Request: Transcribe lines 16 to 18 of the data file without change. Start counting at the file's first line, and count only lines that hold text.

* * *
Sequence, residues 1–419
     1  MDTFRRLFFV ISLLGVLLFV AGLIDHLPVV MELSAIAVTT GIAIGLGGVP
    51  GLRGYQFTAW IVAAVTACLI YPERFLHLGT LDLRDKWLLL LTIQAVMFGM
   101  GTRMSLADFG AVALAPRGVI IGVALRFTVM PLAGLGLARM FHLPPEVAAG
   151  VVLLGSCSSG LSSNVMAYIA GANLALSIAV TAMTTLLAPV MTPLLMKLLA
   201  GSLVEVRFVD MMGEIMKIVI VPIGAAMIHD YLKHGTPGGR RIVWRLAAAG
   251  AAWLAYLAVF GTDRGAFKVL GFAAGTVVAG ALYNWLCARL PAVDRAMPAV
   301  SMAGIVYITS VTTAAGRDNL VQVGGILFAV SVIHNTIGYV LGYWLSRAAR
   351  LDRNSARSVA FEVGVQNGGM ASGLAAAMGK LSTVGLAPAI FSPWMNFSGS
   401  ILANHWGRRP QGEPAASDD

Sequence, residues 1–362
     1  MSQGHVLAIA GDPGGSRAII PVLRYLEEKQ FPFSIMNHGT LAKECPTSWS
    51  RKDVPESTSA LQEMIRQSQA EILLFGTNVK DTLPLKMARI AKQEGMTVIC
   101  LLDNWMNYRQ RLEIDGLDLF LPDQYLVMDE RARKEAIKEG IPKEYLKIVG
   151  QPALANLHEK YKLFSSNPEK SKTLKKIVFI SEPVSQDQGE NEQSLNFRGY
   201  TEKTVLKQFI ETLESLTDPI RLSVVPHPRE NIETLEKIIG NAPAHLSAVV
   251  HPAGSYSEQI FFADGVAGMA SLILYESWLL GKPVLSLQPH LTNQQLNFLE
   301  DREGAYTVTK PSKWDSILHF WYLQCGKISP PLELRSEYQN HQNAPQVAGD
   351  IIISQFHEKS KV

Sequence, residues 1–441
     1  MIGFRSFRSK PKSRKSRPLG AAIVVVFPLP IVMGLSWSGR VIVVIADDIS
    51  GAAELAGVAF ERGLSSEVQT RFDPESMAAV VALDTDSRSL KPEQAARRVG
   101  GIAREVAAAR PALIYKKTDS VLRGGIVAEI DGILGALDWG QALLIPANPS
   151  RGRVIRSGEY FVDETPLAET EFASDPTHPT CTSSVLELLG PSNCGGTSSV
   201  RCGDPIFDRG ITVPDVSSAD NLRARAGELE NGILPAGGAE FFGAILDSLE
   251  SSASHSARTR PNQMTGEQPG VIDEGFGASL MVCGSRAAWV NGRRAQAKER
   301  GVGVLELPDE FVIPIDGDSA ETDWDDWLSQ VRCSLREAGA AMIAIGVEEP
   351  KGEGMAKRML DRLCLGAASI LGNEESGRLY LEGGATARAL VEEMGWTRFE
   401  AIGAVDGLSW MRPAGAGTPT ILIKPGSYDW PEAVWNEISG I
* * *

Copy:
   201  TEKTVLKQFI ETLESLTDPI RLSVVPHPRE NIETLEKIIG NAPAHLSAVV
   251  HPAGSYSEQI FFADGVAGMA SLILYESWLL GKPVLSLQPH LTNQQLNFLE
   301  DREGAYTVTK PSKWDSILHF WYLQCGKISP PLELRSEYQN HQNAPQVAGD